A Beautiful Constraint Summary By Adam Morgan

A Beautiful Constraint Review

Short Summary

  • "It is a transformative actionable book that cites examples from different fields to indicate where firms, companies, and entrepreneurs turned limitations into springboards by undertaking transformative approaches to deal with obstacles."

Here’s a Beautiful Constraint chapters summary to get the gist and the author’s message:

Chapter 1: Victim, Neutraliser & Transformer

The authors have defined constraint as a limitation or defining parameter. It is often the stimulus to find a better way of doing something. The illustration of the playground without a fence, where children huddle together to feel safe and explore all the space when there is barrier fencing, describes the positive impact of limits. Our positive approach turns barriers into transformative constraints. When confronted with a constraint-ridden scenario, we can play the victim and find an excuse or find a way to avoid them.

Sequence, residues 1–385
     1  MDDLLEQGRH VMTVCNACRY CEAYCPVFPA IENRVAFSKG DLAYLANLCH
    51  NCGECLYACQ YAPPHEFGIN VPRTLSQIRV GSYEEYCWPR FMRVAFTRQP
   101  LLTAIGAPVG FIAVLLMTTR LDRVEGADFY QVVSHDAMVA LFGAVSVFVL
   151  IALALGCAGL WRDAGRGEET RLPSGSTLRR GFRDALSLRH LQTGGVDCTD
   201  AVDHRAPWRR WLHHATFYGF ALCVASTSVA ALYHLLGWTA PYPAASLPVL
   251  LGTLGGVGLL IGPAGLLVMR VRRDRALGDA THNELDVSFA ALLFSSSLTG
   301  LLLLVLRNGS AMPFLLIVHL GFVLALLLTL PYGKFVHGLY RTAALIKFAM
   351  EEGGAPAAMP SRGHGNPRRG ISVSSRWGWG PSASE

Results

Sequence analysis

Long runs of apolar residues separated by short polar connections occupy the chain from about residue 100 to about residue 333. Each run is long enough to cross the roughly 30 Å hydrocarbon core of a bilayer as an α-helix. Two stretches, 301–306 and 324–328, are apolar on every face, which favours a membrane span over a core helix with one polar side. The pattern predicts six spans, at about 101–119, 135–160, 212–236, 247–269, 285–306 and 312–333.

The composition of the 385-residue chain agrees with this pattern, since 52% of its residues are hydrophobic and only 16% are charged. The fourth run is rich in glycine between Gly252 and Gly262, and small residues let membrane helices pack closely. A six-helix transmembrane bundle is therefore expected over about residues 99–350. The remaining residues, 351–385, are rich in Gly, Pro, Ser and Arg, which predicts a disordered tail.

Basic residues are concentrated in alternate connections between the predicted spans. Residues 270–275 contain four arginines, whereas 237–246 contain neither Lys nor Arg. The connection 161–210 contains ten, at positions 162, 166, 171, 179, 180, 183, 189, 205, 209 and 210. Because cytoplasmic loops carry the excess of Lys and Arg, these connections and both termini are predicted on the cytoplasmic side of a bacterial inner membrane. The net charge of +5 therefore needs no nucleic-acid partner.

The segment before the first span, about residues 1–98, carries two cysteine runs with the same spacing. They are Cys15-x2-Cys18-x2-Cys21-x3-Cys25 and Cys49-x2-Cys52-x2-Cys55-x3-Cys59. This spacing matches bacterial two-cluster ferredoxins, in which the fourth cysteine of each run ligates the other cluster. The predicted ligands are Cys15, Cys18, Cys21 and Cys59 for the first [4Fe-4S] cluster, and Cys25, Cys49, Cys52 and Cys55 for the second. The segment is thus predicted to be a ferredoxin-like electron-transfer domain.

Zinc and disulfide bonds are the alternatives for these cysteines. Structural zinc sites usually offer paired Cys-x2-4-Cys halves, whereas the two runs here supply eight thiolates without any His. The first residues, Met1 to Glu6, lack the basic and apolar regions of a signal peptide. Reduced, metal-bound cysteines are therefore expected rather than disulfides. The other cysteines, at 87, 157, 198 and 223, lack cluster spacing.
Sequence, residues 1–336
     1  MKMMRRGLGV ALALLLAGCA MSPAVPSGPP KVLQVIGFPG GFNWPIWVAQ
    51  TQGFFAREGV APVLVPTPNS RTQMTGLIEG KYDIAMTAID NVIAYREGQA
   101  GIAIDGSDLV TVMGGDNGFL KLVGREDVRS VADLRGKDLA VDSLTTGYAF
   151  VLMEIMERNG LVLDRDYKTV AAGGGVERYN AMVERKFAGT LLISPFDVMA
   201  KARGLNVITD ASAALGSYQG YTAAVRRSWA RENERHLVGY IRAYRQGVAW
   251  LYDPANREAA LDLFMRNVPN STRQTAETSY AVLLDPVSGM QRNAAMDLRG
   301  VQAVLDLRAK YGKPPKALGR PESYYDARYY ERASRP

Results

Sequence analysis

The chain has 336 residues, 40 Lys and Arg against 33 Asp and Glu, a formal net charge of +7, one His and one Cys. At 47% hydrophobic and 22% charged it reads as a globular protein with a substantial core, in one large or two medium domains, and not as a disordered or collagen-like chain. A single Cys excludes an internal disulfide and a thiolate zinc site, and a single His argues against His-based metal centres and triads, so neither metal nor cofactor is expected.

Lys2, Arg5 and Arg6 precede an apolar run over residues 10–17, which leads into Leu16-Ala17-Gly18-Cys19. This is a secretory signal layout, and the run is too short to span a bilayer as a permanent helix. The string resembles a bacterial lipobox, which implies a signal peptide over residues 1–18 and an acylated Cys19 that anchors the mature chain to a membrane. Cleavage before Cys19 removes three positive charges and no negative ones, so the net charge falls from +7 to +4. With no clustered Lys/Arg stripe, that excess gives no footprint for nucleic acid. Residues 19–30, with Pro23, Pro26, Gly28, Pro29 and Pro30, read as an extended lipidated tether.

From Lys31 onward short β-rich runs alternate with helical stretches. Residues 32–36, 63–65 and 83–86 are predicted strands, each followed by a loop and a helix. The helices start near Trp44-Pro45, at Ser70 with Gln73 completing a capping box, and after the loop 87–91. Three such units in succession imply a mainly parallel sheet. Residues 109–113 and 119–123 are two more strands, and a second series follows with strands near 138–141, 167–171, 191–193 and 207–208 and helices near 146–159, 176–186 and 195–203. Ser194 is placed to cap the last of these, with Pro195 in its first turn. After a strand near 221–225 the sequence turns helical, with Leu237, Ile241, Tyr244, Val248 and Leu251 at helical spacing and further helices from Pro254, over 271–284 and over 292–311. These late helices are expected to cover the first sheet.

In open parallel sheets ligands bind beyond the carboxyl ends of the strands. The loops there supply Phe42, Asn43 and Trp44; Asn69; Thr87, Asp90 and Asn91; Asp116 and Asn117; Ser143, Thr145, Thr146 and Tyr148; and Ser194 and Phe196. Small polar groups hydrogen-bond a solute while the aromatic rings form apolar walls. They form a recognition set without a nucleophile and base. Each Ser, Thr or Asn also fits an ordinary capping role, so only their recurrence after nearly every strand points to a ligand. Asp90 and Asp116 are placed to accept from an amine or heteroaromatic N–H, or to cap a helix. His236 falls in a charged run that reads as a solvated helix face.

Lastly, we can unlock the power of constraint to improve our goal and remove obstacles to an advantage. When faced with an impediment, one goes through three stages; victim, neutralizer, and transformer. Restrictions are good as they enhance our inventiveness in dealing with huge constraints to meet our goals.

Adam shares an example of Phil Knight and Dan Vieden. The duo behind Nike enterprise, one of the world’s leading brands how turned constraints to construct their business a success. Adam discusses the power of the 3 M’s: Mindset, Method, and Motivation, to cross hurdles by asking the right questions that help steer us from victim to transformer.